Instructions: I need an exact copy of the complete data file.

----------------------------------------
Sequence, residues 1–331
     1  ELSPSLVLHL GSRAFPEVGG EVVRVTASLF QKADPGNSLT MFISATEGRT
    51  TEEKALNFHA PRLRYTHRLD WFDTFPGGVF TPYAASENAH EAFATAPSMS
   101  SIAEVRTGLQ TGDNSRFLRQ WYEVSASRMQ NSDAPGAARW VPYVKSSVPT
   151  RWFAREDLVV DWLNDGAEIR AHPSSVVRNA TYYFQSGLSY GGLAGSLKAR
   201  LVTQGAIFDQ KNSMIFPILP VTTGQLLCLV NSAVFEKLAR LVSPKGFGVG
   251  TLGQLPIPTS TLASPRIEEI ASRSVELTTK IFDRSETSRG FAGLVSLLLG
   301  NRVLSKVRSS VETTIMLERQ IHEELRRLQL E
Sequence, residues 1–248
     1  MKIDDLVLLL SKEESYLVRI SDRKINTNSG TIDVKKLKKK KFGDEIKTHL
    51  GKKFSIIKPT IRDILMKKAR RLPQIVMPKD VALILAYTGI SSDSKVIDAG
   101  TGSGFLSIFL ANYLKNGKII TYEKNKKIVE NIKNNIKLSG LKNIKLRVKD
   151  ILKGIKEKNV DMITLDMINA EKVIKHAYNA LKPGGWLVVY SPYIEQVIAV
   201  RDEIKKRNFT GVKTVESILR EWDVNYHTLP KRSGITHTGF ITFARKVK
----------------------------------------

Sequence, residues 1–331
     1  ELSPSLVLHL GSRAFPEVGG EVVRVTASLF QKADPGNSLT MFISATEGRT
    51  TEEKALNFHA PRLRYTHRLD WFDTFPGGVF TPYAASENAH EAFATAPSMS
   101  SIAEVRTGLQ TGDNSRFLRQ WYEVSASRMQ NSDAPGAARW VPYVKSSVPT
   151  RWFAREDLVV DWLNDGAEIR AHPSSVVRNA TYYFQSGLSY GGLAGSLKAR
   201  LVTQGAIFDQ KNSMIFPILP VTTGQLLCLV NSAVFEKLAR LVSPKGFGVG
   251  TLGQLPIPTS TLASPRIEEI ASRSVELTTK IFDRSETSRG FAGLVSLLLG
   301  NRVLSKVRSS VETTIMLERQ IHEELRRLQL E
Sequence, residues 1–248
     1  MKIDDLVLLL SKEESYLVRI SDRKINTNSG TIDVKKLKKK KFGDEIKTHL
    51  GKKFSIIKPT IRDILMKKAR RLPQIVMPKD VALILAYTGI SSDSKVIDAG
   101  TGSGFLSIFL ANYLKNGKII TYEKNKKIVE NIKNNIKLSG LKNIKLRVKD
   151  ILKGIKEKNV DMITLDMINA EKVIKHAYNA LKPGGWLVVY SPYIEQVIAV
   201  RDEIKKRNFT GVKTVESILR EWDVNYHTLP KRSGITHTGF ITFARKVK